National | Kainga Ora

‘They’re not dog boxes’: The non-profit taking on Kāinga Ora

When Neha* collected up her most precious possessions in a box and hid them in a bushes, she had no idea where she was running to, she just knew she had to escape.

After 35 years of marriage the devoted mother had become the victim of family violence and was uplifted from her home by police.

“He wasn’t going to let me go. I thought I was going to have to die there,” Neha said.

She said there regular incidents, but authorities intervened after she was hit in the head with a hot frying pan and found by paramedics in a pool of blood.

After being placed in Women’s Refuge, Neha didn’t know how to begin her life again. She’s was among 25,000 Kiwis on the housing register waitlist, either homeless or scraping by.

Fortunately she was referred to Home in Place, a non-profit community housing provider who was able to give her a secure rental in an apartment building.

“When I walked in to the apartment, I started crying. I couldn’t believe this was for me. I have my own space and time to breath, to cry, to laugh.”

Housing crisis

Home in Place has carved itself out an innovative niche, partnering with iwi and private developers to manage a portion of their housing developments as social housing.

At the moment, the organisation doesn’t own any of its own homes, but it has nearly 400 properties on its books and is aiming to reach 700 by next year.

Far from it being a purely charitable act, chief executive Chris Trypas says developers have been cold calling him asking to partner up because of the financial advantage.

“Right now, I wouldn’t want to take a property to the mainstream market with the cost of living and high interest rates [impacting sales],” he says.

“It could make better financial sense to offer it as community housing [and receive a subsidy] while we are in a housing crisis.”

A key element of Home in Place’s model is placing tenants in “mixed tenure” developments, living alongside market buyers and renters in the same homes.

‘Will evict’

“We want people to see our community housing and think ‘they’re not dog boxes, you or I would live in them’.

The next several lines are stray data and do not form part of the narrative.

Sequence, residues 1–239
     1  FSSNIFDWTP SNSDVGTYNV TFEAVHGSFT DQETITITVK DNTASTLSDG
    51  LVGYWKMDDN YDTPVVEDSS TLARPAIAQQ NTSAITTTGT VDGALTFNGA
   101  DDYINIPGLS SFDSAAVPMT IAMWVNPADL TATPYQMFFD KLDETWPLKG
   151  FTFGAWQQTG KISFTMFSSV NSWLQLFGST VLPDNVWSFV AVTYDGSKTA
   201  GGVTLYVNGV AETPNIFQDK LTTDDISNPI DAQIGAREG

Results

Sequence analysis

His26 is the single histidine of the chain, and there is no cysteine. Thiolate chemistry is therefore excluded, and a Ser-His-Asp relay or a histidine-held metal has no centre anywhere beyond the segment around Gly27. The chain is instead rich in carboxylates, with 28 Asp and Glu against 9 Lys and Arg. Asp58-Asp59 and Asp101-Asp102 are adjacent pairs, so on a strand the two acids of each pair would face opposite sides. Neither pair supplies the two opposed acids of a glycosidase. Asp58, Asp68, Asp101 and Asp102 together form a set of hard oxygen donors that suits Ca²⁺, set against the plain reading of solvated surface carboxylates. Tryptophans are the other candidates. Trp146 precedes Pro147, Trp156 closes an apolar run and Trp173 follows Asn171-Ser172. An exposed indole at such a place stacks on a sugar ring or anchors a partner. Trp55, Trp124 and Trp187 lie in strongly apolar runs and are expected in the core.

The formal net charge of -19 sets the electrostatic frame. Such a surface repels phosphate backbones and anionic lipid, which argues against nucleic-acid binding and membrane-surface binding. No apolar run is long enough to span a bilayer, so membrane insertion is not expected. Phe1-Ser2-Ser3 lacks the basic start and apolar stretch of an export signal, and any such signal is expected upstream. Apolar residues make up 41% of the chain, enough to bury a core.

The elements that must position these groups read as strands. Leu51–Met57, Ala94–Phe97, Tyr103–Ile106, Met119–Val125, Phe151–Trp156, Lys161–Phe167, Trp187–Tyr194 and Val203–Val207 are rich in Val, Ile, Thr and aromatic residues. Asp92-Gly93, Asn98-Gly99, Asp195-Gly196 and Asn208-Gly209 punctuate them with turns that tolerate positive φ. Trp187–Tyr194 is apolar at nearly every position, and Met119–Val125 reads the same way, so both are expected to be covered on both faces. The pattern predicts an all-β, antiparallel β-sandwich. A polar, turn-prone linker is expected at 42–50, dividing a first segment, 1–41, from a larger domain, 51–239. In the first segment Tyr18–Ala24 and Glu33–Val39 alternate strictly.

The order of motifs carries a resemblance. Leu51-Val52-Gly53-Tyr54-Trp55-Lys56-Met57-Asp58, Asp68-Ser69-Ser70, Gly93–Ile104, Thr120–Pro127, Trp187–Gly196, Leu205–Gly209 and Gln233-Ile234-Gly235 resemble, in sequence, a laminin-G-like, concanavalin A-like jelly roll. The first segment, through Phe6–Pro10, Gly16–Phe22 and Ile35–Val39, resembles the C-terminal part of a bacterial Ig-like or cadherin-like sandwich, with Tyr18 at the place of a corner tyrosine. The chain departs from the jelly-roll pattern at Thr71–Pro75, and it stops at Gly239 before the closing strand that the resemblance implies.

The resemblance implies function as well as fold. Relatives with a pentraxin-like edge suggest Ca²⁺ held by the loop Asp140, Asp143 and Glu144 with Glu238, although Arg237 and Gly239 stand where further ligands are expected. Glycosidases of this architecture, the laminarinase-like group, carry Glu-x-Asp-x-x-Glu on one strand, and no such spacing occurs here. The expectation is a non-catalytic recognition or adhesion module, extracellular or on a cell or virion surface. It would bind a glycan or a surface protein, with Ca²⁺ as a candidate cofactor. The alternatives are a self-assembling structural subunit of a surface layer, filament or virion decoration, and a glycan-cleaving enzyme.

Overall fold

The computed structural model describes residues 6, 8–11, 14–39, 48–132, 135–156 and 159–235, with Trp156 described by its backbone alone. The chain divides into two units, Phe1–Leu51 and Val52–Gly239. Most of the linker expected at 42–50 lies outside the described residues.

“Gone are the day where we want to create large stand alone social housing blocks.”

However, he says that, unlike Kāinga Ora, Home and Place will evict tenants if it has to.

“If we move someone on because they are not meeting their obligations, we know its more than likely the next person from the waitlist will be a gracious tenant, and they also need a home.”

Housing Minister Chris Bishop has signalled that social housing is getting a shake up. During the campaign last year, National called Kāinga Ora a “giant bureaucratic monolithic monopoly”.

Bishop has said that he wants to make the Income Related Rent Subsidies (IRRS) which are paid to Kāinga Ora genuinely contestable by community housing providers.

Kāinga Ora ‘not in a great state’

He told a crowd of Wellington businesses this week that he thought community providers did a better job of providing wrap around support and unlocking new homes.

“Kāinga Ora is not in a great state... [it] sucks up an enormous amount of government capital, like tens of billions.”

The housing agency is under review, with the results set to be released by Sir Bill English later this month. Meanwhile, on Thursday, Vui Mark Gosche resigned as chair of Kāinga Ora.

Trypas views these rumblings as a sign that community housing providers are about to have their moment.

He says that having more of the government’s housing subsidies on Home in Place’s books will “build the balance sheet” and allow it to borrow to build its own housing.

Next year it is developing 28 townhouses in Rotorua with the intention of renting them out at 25% below market rent to teachers and nurses and others in “moderate” income professions.

“I am hopeful we will get a larger share of government funding. It shouldn’t all go to Kāinga Ora.”

*Not her real name. The interviewee’s identity has been concealed as she is subject to a protection order following a family violence incident.

- Stuff